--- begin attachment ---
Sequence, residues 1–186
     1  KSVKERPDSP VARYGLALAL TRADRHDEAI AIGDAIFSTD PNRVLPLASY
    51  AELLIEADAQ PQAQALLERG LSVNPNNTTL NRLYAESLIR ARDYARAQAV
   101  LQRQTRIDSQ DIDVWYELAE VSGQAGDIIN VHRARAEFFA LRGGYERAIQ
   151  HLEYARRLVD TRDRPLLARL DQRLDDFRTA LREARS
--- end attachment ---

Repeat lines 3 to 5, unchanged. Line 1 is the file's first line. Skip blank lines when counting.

    51  AELLIEADAQ PQAQALLERG LSVNPNNTTL NRLYAESLIR ARDYARAQAV
   101  LQRQTRIDSQ DIDVWYELAE VSGQAGDIIN VHRARAEFFA LRGGYERAIQ
   151  HLEYARRLVD TRDRPLLARL DQRLDDFRTA LREARS